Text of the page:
It's a boy! The palace announced on Monday, July 22 that Kate Middleton has given birth to the royal baby: a bouncing baby boy!

So what does this mean for the line of succession to the throne? Due to new laws of succession passed by the United Kingdom’s Prime Minister, Prince Harry will now be fourth in line to the throne, which would have been the case whether Kate Middleton and Prince William’s royal baby was a boy or a girl.

Prime Minister David Cameron agreed to a deal with other Commonwealth countries to change the rules on the royal line of succession, which means male heirs will no longer be given priority.

If Kate and William's child had been a girl, this also meant that the child would not have been subject to the centuries-old law of primogeniture, which puts male heirs ahead of women. He will leapfrog Harry by being be the first born of first-in-line Prince Charles's first son.


The royal line of succession is as follows:

Current Monarch: Queen Elizabeth II (born 1926)

1. Prince Charles (born 1948)

2. Prince William (born 1982)

3. Prince “Royal Baby” (born July 22, 2013)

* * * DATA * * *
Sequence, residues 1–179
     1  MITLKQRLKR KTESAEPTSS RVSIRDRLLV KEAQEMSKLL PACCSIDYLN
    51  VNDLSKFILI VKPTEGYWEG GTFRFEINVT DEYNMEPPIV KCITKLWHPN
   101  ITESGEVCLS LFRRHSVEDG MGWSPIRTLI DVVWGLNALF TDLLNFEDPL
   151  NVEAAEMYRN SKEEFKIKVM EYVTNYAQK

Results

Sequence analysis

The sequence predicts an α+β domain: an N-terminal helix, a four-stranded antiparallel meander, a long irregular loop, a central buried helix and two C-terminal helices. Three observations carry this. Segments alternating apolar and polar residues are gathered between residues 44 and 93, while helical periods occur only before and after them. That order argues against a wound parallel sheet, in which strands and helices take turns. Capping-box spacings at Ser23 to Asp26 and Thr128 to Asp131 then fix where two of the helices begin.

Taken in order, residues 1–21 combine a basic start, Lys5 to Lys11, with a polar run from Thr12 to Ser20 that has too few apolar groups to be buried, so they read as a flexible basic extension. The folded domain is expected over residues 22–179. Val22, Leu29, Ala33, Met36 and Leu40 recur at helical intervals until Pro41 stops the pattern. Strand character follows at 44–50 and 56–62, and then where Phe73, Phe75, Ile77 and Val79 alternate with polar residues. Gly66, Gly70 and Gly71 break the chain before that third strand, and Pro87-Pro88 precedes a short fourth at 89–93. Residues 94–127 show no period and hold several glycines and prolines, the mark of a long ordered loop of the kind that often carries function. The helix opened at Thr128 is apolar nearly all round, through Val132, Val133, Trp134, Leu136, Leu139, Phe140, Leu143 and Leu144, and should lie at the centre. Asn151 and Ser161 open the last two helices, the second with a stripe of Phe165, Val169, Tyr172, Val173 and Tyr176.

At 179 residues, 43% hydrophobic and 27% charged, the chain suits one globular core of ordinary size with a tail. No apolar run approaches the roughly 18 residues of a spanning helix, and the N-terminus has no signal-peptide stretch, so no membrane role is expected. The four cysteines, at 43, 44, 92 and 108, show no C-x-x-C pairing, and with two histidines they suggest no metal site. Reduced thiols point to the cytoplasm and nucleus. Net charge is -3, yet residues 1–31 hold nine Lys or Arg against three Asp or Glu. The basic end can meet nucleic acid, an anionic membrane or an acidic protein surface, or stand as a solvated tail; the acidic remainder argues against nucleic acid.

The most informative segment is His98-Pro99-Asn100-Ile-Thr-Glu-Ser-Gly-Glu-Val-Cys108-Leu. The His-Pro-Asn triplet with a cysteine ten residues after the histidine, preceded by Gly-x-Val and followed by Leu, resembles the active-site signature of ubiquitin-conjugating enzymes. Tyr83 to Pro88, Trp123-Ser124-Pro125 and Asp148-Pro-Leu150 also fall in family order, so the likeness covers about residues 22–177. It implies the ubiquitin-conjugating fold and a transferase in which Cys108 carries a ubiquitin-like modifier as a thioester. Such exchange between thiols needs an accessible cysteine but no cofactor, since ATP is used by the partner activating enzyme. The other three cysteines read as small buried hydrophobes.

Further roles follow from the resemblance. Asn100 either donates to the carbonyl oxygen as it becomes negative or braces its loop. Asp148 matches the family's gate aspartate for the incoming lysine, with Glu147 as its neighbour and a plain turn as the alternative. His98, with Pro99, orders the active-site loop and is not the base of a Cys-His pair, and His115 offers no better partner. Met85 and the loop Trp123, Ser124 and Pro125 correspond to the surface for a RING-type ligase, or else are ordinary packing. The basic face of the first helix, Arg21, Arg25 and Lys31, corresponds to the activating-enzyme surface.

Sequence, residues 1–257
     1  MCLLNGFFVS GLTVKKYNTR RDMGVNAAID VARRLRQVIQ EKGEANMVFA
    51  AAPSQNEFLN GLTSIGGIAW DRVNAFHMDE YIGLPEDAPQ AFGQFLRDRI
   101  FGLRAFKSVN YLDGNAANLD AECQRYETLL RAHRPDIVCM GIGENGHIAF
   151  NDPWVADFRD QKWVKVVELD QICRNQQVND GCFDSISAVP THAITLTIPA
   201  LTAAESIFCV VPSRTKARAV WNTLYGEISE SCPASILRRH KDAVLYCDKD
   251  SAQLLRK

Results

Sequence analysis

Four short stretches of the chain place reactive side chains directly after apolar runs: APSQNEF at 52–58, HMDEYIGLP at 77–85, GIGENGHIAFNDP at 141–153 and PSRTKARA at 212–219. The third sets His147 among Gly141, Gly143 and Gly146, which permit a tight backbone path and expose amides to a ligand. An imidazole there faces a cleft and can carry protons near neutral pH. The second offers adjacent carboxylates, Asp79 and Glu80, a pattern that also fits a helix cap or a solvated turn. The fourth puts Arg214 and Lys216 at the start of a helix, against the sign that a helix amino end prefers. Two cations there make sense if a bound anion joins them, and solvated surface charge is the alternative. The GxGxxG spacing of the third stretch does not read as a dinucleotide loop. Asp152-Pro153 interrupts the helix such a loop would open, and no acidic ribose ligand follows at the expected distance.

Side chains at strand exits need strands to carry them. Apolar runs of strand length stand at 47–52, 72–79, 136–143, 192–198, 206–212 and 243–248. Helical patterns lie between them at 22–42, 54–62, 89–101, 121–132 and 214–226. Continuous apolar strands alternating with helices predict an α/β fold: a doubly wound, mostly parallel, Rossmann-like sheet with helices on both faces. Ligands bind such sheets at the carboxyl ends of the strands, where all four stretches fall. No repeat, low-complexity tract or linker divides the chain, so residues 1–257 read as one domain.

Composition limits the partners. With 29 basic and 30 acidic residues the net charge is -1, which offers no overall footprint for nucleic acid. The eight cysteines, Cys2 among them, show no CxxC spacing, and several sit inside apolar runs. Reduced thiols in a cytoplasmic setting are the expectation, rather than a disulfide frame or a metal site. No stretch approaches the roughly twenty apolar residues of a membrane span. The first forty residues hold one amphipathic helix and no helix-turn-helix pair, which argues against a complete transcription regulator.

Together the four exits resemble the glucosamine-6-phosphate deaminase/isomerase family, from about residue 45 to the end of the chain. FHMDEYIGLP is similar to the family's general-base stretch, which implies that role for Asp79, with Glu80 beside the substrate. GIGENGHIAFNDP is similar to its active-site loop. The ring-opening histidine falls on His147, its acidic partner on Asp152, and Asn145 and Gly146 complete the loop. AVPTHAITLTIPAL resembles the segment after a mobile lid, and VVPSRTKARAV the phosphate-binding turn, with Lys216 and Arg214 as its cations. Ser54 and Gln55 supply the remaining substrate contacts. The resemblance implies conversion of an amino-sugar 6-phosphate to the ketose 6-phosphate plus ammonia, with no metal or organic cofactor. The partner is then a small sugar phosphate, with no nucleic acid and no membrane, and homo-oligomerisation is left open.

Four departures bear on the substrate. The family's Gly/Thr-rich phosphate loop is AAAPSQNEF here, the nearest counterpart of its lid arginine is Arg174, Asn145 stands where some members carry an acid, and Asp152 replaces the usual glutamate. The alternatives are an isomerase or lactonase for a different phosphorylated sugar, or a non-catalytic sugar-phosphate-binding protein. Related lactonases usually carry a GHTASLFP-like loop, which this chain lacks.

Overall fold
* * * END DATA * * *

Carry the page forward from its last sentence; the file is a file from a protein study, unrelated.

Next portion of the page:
4. Prince Harry (born 1984)

5. Prince Andrew (born 1960)

6. Princess Beatrice (born 1988)

7. Princess Eugenie (born 1990)

8. Prince Edward (born 1964)

9. Viscount Severn (born 2007)

10. Lady Louise (born 2003)

11. Princess Anne (born 1950)


The moves towards constitutional change became pressing in the wake of the Kate and William’s wedding in April 2011 in anticipation they would produce an offspring. The government and royal family were concerned that there could be a constitutional crisis if the royal couple had a baby girl before the law was changed. The couple’s announcement that the Duchess of Cambridge is expecting the couple's first child came after the deal was agreed.

In October 2011, David Cameron announced that the 16 Commonwealth countries where the Queen is head of state had agreed to give female royals the same rights of succession as their brothers. Mr. Cameron said, “Put simply, if the Duke and Duchess of Cambridge were to have a little girl, that girl would one day be our queen.”

The ancient rules of male primogeniture have long been viewed as outdated and discriminatory. Using those laws only allowed Elizabeth II to be queen because she didn’t have any brothers.

Proposed legislation will refer to the descendants of the current Prince of Wales, but the current generation of royals will not be affected because it will not be retrospective.

Source: UK Daily Mail

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